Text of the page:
How to overcome Africa-Europe estrangement over the war in Ukraine


Peace, Security & Defence

Picture of Paul Taylor
Paul Taylor

Senior Fellow for Peace, Security and Defence at Friends of Europe

Picture of Youssef Travaly
Youssef Travaly

Senior Fellow for Digital at the Africa-Europe Foundation

Do not normalise the war

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One year ago, Russia escalated its illegal invasion of Ukraine to a full-scale, all-out war on a sovereign, European nation. Friends of Europe pays homage to the first anniversary of this unprovoked and unjustified attack with a series of articles, podcasts and events that tap into the expertise and experience of leading activists, Ukrainian officials, artists, NATO representatives, and security and defence experts and call upon us all to not normalise this war.

Europe, multilateral institutions and the global community have learned some tough lessons about the arrangements put in place to prevent acts of aggression or to guide our actions once they take place, including approaches to multipolar geopolitics, supply chains with illiberal nations, as well as Europe-wide and global agreements in a post-World War 2 world. The war has upended so much that we previously took for granted. For these reasons, normalising this war is not an option. Our commemorative activities aim to identify steps towards the ultimate goals of justice and peace.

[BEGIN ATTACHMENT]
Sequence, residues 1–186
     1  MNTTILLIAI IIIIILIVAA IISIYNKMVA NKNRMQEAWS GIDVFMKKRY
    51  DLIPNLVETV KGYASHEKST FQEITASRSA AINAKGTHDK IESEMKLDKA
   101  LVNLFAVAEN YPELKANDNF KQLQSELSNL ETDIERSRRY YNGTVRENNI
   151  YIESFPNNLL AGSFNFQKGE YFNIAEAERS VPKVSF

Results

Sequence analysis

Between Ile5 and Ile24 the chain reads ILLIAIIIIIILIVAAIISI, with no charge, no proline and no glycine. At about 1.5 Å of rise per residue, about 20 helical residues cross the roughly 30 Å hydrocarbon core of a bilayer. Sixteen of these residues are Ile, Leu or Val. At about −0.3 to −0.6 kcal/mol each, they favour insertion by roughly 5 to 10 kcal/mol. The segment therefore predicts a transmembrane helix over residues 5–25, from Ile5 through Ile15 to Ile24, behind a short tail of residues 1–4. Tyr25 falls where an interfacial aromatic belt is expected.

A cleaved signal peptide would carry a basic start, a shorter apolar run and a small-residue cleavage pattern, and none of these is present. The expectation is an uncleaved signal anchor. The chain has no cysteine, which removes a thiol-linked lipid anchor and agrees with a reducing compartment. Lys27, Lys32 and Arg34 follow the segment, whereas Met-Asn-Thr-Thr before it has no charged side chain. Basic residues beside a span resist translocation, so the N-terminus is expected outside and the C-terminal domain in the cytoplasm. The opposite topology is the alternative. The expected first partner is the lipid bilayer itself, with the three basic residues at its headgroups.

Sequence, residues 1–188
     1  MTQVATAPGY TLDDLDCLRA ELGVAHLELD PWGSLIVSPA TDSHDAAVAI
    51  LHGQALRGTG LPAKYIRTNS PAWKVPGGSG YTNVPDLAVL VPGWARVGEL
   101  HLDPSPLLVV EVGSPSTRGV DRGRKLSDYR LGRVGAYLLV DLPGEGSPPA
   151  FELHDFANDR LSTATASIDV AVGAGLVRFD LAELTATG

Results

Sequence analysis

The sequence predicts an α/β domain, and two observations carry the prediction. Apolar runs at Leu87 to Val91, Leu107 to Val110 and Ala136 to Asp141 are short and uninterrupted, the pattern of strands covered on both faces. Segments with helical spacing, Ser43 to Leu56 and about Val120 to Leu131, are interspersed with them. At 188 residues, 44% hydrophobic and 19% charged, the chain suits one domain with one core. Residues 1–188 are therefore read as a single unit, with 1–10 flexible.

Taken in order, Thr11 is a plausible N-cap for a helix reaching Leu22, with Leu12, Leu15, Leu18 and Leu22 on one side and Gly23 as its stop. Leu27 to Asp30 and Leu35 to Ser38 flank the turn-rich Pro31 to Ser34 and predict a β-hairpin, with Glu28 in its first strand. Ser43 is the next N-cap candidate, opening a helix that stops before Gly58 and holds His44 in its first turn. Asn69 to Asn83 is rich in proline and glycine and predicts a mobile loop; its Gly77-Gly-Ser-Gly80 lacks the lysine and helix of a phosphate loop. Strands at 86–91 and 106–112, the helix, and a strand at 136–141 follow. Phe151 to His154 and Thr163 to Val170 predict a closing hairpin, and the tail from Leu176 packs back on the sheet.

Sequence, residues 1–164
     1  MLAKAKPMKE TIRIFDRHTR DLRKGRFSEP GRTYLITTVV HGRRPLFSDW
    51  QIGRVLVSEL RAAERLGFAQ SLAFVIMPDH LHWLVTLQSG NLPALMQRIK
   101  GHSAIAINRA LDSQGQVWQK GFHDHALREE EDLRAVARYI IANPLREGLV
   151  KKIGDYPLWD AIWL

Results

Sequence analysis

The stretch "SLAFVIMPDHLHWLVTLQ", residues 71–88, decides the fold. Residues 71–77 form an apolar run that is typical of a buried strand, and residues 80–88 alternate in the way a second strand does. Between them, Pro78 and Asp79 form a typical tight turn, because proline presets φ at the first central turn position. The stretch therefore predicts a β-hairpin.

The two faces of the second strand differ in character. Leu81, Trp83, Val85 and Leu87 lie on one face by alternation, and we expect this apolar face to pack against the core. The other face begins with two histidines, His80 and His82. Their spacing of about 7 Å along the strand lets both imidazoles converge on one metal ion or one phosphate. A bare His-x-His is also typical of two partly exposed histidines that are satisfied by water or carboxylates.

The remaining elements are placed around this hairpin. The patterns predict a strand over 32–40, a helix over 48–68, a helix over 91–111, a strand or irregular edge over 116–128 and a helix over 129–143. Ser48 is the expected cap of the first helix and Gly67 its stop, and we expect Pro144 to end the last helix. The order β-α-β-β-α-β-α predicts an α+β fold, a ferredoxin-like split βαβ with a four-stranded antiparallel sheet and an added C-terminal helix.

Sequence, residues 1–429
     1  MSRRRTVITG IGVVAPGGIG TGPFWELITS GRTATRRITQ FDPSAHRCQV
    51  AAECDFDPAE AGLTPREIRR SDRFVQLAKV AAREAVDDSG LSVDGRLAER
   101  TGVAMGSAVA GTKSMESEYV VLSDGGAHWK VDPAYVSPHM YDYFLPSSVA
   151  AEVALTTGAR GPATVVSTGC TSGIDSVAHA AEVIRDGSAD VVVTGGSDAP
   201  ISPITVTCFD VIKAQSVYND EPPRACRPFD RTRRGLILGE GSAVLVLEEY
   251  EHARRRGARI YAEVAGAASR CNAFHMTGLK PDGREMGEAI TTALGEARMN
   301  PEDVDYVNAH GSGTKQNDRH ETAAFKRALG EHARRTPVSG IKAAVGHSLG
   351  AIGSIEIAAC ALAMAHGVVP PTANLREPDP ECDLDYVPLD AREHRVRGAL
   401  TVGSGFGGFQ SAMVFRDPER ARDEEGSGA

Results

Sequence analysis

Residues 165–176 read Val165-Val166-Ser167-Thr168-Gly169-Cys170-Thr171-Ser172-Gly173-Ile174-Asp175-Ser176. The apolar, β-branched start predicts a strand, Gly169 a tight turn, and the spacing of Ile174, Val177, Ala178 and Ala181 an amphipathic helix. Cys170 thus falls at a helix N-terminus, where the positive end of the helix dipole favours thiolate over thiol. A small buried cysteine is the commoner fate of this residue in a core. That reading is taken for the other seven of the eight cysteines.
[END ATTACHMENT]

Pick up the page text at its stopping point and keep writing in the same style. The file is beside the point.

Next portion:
Contributors include Friends of Europe’s Luke O’Callaghan White and Senior Fellows Jamie SheaChris Kremidas-Courtney and Paul Taylor; the Africa-Europe Foundation’s Youssef Travaly; Ukrainian European Young Leaders (EYL40) Emine Dzhaparova and Oleksandra MatviichukJaime Nadal, United Nations Population Fund (UNFPA) Representative for Ukraine; Business Ombudsman Roman Waschuk; LGBTQ+ activist of KyivPride, Edward ReeseDavid Rowe, Professor and Fulbright NATO Security Studies Scholar; Borys Tarasyuk, former Ukrainian foreign affairs minister; journalist Maryana DrachInna Shevchenko, Ukrainian author, journalist at Charlie Hebdo and leader at FEMEN International; artist Markus Georg Reintgen; and Philippe Cori, UNICEF Deputy Regional Director Europe and Central Asia; and Giancarlo La Rocca and Alessandro Marrone of the Istituto Affari Internazionali.

Find out more here.

Since Russia invaded Ukraine a year ago, the West and the South have reacted in divergent ways that threaten to undermine the partnership that the European Union and the African Union (AU) sealed just a few days before the invasion. We need to overcome that estrangement to avoid further damage to the crucial relationship between our two continents.

European governments responded to the return of major inter-state war in Europe for the first time in decades with condemnation and sanctions against Moscow, an outpouring of solidarity for Ukrainian refugees, as well as economic assistance and incremental arms supplies to Kyiv.